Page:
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    1. No, it was a box of about thirty to forty half pound cones of dyed Brassard ring spun from The Woolery. I surmise the Woolery put up the half pound cones, but both the Woolery and Brassard need to know. I'll contact you about pricing.

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  9. Wow so much learning about weaving, I understood, as I knit, about 40%. I've watched weaving tho, does that count.

    You put me in mind of my darling mum and her mispronunciation of the word "hereditary". It was a word she adored and she pronounced it "Herdittery" a charming non-existent word. We would continually correct her, eyes rolling of course. But she never got it.

    XO
    WWW

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  10. awry. I pronounced it aw-ry before I was corrected. and I imagine me reading weaving talk is like people reading my shop talk.

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  11. When I get too many knots in a ball of yarn I get real annoyed because they might have to be cut and redone in order to camouflage them in the piece of craft work. If I also found a grease mark that would really annoy.

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  12. As a knitter, I'm more than a bit po'd about the knots in the very expensive self patterning yarns I've bought lately. It would be okay if the knots tied matching ends, but I've yet to see that.

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    1. I haven't knit socks in some time, but I remember that problem, and how many yards were sacrificed to get to the match.

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    2. I'm knitting daughter some mittens with extremely expensive yarn I bought in Toronto. One mitten is fine, but the second has about ten knots in it where I've been trying to match it up where it was fouled. She won't care but I'm really not happy about it.

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  13. 'Ornery' I pronounced as 'onry' well into my 30s!

    I enjoyed reading the bit about your brothers ditching going back to school in order to watch the sewer repair instead.

    I like the creamsicle color.

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  14. Posthumous is a word I cannot get my town around.

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    1. There is a river south of me, the Tuscararwas. I cannot form the word.

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  15. A shame about the knots, but good of you to tell the company why you are leaving them. Hopefully they'll make corrections for the better.
    I remember always reading underfed (under fed) as un-derf-ed and couldn't understand why such a word was in the story. I didn't make the connection for many years, because I'd never known anyone who was underfed. Things became much clearer when I bought myself a dictionary.

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  16. Customer service is not what it used to be in many areas, that's for sure.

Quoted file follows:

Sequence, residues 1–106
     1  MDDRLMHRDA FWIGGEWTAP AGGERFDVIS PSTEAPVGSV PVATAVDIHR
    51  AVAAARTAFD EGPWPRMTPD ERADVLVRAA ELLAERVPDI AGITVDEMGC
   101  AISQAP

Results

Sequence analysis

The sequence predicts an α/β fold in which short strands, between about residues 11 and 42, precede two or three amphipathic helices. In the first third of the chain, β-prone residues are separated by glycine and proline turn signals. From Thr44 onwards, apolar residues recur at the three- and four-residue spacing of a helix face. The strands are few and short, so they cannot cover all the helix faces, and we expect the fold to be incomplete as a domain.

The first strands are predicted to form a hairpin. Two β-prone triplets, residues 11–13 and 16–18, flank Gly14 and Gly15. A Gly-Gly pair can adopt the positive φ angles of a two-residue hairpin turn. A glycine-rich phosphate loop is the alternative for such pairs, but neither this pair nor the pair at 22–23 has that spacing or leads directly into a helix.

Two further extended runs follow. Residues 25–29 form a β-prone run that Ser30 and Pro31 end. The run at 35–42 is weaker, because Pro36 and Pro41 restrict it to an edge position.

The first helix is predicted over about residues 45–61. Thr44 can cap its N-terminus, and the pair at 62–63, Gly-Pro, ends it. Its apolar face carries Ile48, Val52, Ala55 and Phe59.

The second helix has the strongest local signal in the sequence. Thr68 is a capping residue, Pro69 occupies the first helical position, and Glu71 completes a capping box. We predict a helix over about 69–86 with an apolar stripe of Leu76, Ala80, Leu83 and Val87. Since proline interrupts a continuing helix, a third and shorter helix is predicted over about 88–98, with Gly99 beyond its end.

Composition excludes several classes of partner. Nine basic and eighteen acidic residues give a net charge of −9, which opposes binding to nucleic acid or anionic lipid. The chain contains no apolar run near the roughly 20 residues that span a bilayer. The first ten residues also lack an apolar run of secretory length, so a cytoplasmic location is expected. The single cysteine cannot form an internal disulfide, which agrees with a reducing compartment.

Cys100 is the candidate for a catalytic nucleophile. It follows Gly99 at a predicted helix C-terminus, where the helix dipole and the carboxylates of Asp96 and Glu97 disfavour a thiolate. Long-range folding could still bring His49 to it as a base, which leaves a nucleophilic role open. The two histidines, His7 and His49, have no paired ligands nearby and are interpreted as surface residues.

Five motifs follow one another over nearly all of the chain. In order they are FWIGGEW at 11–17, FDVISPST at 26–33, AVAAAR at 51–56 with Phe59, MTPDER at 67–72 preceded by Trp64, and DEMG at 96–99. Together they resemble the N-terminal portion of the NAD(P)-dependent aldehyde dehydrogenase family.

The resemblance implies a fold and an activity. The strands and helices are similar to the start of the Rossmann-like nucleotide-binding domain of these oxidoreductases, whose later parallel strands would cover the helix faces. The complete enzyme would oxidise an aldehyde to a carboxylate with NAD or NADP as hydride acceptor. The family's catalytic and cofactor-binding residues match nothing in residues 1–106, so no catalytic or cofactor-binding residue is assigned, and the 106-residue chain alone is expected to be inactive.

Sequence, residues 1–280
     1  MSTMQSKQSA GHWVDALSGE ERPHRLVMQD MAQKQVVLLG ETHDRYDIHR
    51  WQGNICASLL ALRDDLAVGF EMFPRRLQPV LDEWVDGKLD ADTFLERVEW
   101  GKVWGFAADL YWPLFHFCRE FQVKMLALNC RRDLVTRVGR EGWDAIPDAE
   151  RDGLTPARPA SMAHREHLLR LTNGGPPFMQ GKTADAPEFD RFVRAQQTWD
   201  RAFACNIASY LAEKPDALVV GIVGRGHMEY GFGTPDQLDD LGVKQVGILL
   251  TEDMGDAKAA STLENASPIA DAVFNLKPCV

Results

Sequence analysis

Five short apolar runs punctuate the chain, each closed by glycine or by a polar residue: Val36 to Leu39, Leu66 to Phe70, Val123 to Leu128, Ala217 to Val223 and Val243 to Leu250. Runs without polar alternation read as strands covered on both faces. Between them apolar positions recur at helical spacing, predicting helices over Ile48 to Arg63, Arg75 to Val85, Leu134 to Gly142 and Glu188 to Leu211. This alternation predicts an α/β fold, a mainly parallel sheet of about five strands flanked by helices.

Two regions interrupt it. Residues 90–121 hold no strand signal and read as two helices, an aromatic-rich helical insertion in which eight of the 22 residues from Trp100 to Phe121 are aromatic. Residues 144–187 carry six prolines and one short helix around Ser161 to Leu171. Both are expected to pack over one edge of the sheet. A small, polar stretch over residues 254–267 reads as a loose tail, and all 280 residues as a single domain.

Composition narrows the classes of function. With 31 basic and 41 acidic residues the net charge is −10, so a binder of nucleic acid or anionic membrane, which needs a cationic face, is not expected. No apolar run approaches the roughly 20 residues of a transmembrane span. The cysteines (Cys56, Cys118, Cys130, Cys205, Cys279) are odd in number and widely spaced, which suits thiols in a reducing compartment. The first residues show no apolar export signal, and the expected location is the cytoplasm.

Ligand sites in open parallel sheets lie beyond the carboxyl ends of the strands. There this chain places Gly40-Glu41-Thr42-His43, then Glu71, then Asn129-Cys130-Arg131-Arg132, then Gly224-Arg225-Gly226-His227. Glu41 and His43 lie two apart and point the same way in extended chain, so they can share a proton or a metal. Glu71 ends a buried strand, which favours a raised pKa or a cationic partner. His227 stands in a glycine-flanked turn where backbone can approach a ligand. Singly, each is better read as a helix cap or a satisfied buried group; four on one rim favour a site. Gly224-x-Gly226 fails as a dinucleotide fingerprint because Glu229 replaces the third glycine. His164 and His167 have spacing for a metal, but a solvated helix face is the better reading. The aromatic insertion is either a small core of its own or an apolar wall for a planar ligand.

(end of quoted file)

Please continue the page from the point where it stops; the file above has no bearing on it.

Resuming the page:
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  17. I had to work with my daughter for quite some time (read years) before she could say jewellery correctly..it came out jewly. My husband is deaf and pronounces many words incorrectly simply because he doesn't hear them correctly. I'm sure I pronounce many words incorrectly but people are too kind or polite to correct me. The knots are a giant pain but the grease spot is, as you say, unforgiveable.

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  18. Sometimes words are pronounced when and where you are. Myself, I still have to think about "pistachio" before saying it as I am likely to put a 's' before the 'p'. Your weaving descriptions are wonderful and completely intimidating.

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    1. Actually, exactly like following a knitting or crocheting pattern. You learn it and do it.

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  19. How exasperating to find knots in your thread! I'm a crocheter, mostly with fine thread, and know how disappointing it is to find a knot after I've painstakingly strung on sometimes hundreds of tiny seed beads. This winter while crocheting scarves I found at least a dozen knots in one skein of famous maker yarn, causing a lot of waste as many of them were maybe a foot apart. I'm hoping that was a one of a kind occurrence. You are surely justified in changing your supplier!

    My Mom said "alumium" for aluminum.

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    1. I learned to crochet with 5 cord and a size 14 hook. I honestly do not recall these stinking knots in DMC brand back in the sixtiesl

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  20. What do they think? That you won't notice? Won't mind? Those gaffs are inexcusable. I hope they sit up and take notice because, thankfully, there are other suppliers with higher standards.

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  21. In this day and age, things like those knots or grease really matter. They will be sorry to lose your patronage, and you might be gloriously happier.

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  22. Surely the manufacturer knows the kinds of problems those knots will cause the end user. That narrows the cause to lack of quality control, for which they will eventually lose customers, as they are losing you.

    Growing up, I was a reader but wasn't exposed to a lot of words in real life, so I mispronounced - in my head - names like Penelope, Persephone, and Gina for years. I know there were non-name words I mispronounced too, but can't recall what they were. "Anesthetist" is a word I still have trouble pronouncing even though I know how it's supposed to sound!

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  23. Oh my! And I thought dealing with fixing my desk top and using N Iphone was beyond me. The terms and technicalities of weaving would be hopeless for me...:) Ray

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  24. too much tech today for me - someone robbin my bobbins

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  25. I don't think I have any word issues (no one has pointed out any :-)). But thank you for the discussion of knots in yarn! As a new knitter working on an afghan I have had a few and have been worried about how to disguise them. Now I know! Retie in a square knot (thank you Girl Scouts) with long ends that I can weave into the work. Thank you. I should also say that I am a new reader of your blog and enjoy it.